Document Detail

Operation Frontline: assessment of longer-term curriculum effectiveness, evaluation strategies, and follow-up methods.
MedLine Citation:
PMID:  17606246     Owner:  NLM     Status:  MEDLINE    
OBJECTIVES: To determine the effectiveness of a traditional pretest versus a retrospective pretest, the stability of self-reported behavior changes at 3 or 6 months post-class series, and the most effective method for longer-term follow-up assessment of Operation Frontline's Eating Right class series. DESIGN: Longitudinal study; subjects surveyed at some combination of traditional pretest, retrospective pretest/posttest after the last class, and at 3 or 6 months. SETTING: Communities in the metropolitan Denver area. PARTICIPANTS: Of the 53 participants, 90% were women, 70% were of Hispanic descent, 49% were between the ages of 20 and 29, and 64% had at least a twelfth-grade education or General Educational Development diploma. MAIN OUTCOME MEASURES: Contrast results from a traditional pretest with a retrospective pretest; assess temporal stability of self-reported behavior changes; and contrast response rates for multiple follow-up methods (mail, telephone, or reunion class). ANALYSIS: Item and scale scores were compared across various time points using repeated-measures analysis of variance. RESULTS: No significant differences were found for 6 of 7 variables between the traditional pretests and retrospective pretests. Most self-reported behavior changes were retained at 3 and 6 months post-class. Mail had the best response rate (62%) for this limited-resource population. CONCLUSIONS AND IMPLICATIONS: The maintenance of behavior changes at 3 or 6 months post-intervention supports the effectiveness of the Eating Right series. Mail follow-up achieved higher response rates than telephone. The lack of significant differences (except 1 variable) between the traditional pretest and the retrospective pretests does not support the retrospective pretest as being more accurate. However, the retrospective pretest may be more desirable for educators, as it eliminates the need to test participants twice.
Sara Swindle; Susan S Baker; Garry W Auld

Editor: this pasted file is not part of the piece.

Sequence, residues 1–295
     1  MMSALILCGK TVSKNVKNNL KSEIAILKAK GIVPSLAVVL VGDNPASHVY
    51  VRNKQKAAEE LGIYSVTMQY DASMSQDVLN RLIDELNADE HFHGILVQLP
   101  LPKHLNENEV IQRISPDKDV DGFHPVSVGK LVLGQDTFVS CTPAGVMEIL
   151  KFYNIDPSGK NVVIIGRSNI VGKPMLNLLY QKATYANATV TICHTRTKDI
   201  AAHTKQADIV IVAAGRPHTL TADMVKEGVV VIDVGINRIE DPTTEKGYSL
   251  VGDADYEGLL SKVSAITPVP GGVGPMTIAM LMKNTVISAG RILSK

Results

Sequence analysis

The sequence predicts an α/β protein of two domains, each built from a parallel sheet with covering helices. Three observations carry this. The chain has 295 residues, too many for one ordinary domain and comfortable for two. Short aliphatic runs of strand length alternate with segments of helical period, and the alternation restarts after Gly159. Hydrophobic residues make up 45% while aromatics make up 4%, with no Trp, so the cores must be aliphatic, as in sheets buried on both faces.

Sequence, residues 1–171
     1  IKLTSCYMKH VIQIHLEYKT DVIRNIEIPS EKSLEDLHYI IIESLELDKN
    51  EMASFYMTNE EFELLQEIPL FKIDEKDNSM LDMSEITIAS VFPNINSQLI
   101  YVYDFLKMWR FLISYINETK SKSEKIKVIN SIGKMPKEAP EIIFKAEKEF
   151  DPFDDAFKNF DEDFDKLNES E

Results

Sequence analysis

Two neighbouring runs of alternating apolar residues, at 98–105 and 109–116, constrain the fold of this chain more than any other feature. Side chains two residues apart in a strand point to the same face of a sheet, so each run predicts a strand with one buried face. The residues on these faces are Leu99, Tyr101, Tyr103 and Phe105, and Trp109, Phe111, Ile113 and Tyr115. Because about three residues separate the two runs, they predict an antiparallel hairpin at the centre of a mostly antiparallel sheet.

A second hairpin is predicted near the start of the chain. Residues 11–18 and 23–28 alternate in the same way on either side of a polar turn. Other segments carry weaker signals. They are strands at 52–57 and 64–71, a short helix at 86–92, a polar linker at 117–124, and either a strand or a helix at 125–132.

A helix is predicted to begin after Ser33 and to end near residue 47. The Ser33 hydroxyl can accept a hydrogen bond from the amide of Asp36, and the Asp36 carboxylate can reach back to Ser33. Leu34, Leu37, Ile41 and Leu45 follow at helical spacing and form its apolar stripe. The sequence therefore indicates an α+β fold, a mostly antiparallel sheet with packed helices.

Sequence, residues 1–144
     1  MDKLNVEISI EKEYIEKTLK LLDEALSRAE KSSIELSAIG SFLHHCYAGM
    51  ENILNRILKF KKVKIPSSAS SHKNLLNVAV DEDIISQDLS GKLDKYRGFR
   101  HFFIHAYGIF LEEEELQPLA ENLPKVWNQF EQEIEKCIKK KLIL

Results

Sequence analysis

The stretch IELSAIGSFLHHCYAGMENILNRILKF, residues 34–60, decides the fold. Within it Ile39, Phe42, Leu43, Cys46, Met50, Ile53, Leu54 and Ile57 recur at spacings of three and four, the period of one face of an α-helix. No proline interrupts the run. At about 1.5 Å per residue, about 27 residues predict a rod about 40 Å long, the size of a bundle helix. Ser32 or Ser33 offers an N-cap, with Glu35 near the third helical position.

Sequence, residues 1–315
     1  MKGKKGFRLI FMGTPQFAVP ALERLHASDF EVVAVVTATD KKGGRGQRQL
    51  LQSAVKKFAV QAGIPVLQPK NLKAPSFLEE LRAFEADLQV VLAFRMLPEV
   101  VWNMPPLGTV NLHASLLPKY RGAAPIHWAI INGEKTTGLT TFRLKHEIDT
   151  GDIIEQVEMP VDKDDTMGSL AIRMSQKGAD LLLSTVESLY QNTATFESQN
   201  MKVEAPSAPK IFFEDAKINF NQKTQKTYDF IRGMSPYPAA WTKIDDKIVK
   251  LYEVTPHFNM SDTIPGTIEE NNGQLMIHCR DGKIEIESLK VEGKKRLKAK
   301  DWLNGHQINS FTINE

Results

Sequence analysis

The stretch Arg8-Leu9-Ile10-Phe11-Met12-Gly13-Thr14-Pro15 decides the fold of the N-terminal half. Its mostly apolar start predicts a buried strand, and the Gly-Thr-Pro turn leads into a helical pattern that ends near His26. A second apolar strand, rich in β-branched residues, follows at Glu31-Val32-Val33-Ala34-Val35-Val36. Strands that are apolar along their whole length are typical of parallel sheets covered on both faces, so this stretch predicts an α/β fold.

Related Documents :
24314576 - Effectiveness and safety beyond 10 years of percutaneous transluminal septal ablation i...
25101496 - Bilateral cross-bite treated by repeated rapid maxillary expansions: a 17-year follow-u...
22495846 - Bilateral anatomic total shoulder arthroplasty versus reverse shoulder arthroplasty.
23120216 - Choristoma of the tonsil.
21189356 - Functional recovery of the donor knee after autologous osteochondral transplantation fo...
9559206 - Utility of serology in determining helicobacter pylori eradication after therapy.
Publication Detail:
Type:  Journal Article    
Journal Detail:
Title:  Journal of nutrition education and behavior     Volume:  39     ISSN:  1499-4046     ISO Abbreviation:  J Nutr Educ Behav     Publication Date:    2007 Jul-Aug
Date Detail:
Created Date:  2007-07-03     Completed Date:  2007-08-14     Revised Date:  -    
Medline Journal Info:
Nlm Unique ID:  101132622     Medline TA:  J Nutr Educ Behav     Country:  Canada    
Other Details:
Languages:  eng     Pagination:  205-13     Citation Subset:  IM    
Department of Food Science and Human Nutrition, Colorado State University, Fort Collins, Colorado, 80523-1571, USA.
Export Citation:
APA/MLA Format     Download EndNote     Download BibTex
MeSH Terms
Analysis of Variance
Choice Behavior*
Models, Psychological*
Nutritional Sciences / education*
Retrospective Studies

From MEDLINE®/PubMed®, a database of the U.S. National Library of Medicine

Previous Document:  Assessing fat-related dietary behaviors among black women: reliability and validity of a new Food Ha...
Next Document:  Diet-specific social support among rural adolescents.